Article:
To conclude: the conference has been an excellent opportunity to discuss key-questions about the many connections between the creation of forgeries and fakes, the antiquities market, collecting, and the different narratives produced by such interactions. I am thankful to the project team, directed by Årstein Justnes, and their sponsor for the initiative, and above all for the UNBELIEVABLE icing forgery of the fake papyrus fragment of the Jesus’s wife on top of the celebratory tasty cake we ate at the end of the conference…too bad you weren’t there!

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Papyrology and Ethics: Next Week in Barcelona

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Next week I will be talking about Papyrology and Ethics at the 28th International Congress of Papyrology’s plenary session “Setting limits to our discipline?”.

You can download the draft paper from here: Papyrology and Ethics_Mazza, or via Academia.edu (https://www.academia.edu/27369636/Papyrology_and_Ethics).

The program and abstracts of the Congress are available at http://papyrologia.upf.edu/.

The Jesus’s Wife Fragment: End of Story?

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The Jesus’s wife fragment debate has entertained us since 2012, but it seems time to let it go. In a piece of great investigative journalism published yesterday on The Atlantic Ariel Sabar recounts his meeting, after following many leads, with the owner (and possibly forger?): Walter Fritz.

I recommend reading the article in order to enjoy the entire story, its many shadows and implications, and its disquieting protagonist. Here I just want to comment briefly about what I have been mainly interested in so far: provenance, provenance, provenance, as my colleague Carrie Schroeder has entitled her blog post on the recent developments of this saga.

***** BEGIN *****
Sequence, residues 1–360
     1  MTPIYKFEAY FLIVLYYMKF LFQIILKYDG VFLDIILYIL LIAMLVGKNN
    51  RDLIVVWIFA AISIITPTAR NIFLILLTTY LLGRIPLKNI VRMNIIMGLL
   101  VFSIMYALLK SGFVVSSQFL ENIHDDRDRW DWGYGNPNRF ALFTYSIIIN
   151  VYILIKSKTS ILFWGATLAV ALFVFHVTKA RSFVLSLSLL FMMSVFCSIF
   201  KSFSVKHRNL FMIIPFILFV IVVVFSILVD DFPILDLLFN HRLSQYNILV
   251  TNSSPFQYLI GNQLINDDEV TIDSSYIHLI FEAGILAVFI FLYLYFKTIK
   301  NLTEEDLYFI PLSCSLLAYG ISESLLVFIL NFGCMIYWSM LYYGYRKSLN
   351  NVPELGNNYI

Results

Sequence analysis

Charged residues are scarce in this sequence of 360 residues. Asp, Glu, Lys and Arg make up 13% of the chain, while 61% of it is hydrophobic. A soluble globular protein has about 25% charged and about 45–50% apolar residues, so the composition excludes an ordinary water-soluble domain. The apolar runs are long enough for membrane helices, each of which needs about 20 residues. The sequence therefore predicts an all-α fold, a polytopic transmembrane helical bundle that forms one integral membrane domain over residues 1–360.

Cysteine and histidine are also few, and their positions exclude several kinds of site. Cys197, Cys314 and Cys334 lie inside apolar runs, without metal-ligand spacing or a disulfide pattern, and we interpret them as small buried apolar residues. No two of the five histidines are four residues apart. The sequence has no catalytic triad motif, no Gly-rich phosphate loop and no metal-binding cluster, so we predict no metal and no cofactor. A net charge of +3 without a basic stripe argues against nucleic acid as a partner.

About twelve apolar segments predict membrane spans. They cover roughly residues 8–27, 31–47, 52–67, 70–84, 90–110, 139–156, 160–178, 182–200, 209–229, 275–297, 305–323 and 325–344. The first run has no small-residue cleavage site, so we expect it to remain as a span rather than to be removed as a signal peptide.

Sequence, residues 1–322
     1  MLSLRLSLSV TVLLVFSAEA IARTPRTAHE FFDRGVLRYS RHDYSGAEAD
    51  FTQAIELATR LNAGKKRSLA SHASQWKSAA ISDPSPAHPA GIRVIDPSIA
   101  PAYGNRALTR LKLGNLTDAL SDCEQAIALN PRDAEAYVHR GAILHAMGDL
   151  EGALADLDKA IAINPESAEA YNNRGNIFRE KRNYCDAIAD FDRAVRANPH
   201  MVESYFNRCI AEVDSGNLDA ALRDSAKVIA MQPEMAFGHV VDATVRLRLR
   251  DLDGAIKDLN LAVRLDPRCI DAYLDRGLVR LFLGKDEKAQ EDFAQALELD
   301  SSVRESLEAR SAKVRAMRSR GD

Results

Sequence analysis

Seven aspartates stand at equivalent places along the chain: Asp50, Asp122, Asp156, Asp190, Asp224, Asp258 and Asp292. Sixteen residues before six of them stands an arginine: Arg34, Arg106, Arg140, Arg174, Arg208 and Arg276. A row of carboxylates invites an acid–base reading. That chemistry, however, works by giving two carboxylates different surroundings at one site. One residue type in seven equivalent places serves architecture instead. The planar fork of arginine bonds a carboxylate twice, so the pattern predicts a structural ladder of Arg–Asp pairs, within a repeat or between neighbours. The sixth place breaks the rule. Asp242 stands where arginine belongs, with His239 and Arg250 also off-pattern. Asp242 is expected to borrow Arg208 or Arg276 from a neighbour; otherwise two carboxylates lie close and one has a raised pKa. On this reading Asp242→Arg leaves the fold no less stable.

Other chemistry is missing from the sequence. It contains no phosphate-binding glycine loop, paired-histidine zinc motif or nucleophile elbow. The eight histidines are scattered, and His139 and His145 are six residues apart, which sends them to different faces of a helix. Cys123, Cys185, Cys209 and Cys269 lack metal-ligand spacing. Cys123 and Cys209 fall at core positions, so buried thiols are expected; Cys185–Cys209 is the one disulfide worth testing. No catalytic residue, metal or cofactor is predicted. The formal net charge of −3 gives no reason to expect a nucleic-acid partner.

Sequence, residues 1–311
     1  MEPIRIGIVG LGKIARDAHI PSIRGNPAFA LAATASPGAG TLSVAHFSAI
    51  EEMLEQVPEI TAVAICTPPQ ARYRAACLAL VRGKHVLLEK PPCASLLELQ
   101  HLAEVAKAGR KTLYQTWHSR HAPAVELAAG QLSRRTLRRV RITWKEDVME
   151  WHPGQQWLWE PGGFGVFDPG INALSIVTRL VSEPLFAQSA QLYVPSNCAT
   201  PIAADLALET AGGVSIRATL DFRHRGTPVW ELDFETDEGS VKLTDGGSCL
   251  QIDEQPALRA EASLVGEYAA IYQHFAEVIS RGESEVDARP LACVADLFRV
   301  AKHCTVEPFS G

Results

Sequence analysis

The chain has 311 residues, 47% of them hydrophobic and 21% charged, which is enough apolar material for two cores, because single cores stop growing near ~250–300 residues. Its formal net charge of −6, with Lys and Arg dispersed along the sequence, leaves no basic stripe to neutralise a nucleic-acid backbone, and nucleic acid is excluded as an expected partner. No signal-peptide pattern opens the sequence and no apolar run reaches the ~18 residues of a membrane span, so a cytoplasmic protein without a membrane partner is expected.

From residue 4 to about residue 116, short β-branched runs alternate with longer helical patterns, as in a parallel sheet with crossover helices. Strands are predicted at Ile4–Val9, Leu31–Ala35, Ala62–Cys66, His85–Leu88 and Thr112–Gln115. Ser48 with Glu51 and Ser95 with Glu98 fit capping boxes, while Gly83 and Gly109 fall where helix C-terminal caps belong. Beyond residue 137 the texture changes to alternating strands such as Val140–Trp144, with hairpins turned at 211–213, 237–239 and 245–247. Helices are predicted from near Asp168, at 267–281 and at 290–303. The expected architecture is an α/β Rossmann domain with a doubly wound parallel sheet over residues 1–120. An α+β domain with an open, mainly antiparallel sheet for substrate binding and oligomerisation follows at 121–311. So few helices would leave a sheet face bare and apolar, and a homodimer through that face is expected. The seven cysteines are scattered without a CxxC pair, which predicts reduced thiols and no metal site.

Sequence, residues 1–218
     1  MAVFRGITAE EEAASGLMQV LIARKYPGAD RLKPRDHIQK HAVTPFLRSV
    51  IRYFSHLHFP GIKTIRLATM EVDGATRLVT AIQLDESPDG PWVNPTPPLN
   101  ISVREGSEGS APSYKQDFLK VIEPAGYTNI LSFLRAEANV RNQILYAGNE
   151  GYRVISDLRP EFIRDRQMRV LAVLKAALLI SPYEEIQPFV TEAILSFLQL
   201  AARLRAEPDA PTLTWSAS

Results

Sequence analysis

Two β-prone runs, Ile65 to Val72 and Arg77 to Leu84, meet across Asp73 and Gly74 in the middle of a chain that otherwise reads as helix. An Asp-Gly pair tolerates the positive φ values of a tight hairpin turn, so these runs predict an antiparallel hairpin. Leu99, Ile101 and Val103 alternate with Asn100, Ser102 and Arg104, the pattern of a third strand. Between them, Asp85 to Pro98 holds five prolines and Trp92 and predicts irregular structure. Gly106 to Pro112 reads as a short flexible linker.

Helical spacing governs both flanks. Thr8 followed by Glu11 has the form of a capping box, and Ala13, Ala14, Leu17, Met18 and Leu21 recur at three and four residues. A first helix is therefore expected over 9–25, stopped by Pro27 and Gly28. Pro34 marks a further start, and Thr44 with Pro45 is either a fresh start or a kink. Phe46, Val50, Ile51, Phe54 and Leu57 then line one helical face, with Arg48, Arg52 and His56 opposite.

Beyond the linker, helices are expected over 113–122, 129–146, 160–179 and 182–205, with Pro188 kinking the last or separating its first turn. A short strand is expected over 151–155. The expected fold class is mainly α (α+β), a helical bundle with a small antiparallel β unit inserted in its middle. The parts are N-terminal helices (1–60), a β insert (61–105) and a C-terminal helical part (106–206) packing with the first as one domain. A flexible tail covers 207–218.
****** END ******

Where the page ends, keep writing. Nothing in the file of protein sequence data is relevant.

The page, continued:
I never stepped into the authenticity debate simply because I am not competent enough in Coptic papyrology; I was rather worried, however, about two main points: 1) the dangers academics inevitably encounter when publishing texts in the hands of anonymous collectors and lacking secure, documented provenance (= collection history, including archaeological finding circumstances when known); 2) the risks academics take engaging with the media, especially in the current University system which prizes media exposure.

The Jesus’s wife fragment posed a number of challenges since its appearance. I explained in an old blog post (Papyri, private collectors and academics: why the wife of Jesus and Sappho matter) that even if professor King in her publications was making an effort to give account of the provenance documents produced by the anonymous owner, that dossier was far from satisfactory for reasons ranging from the acquisition dates, to the quality of the scripts themselves (scanned copies of letters and statements, from what we were told). Well, we now have the proof that the doubts some of us has had were reasonable.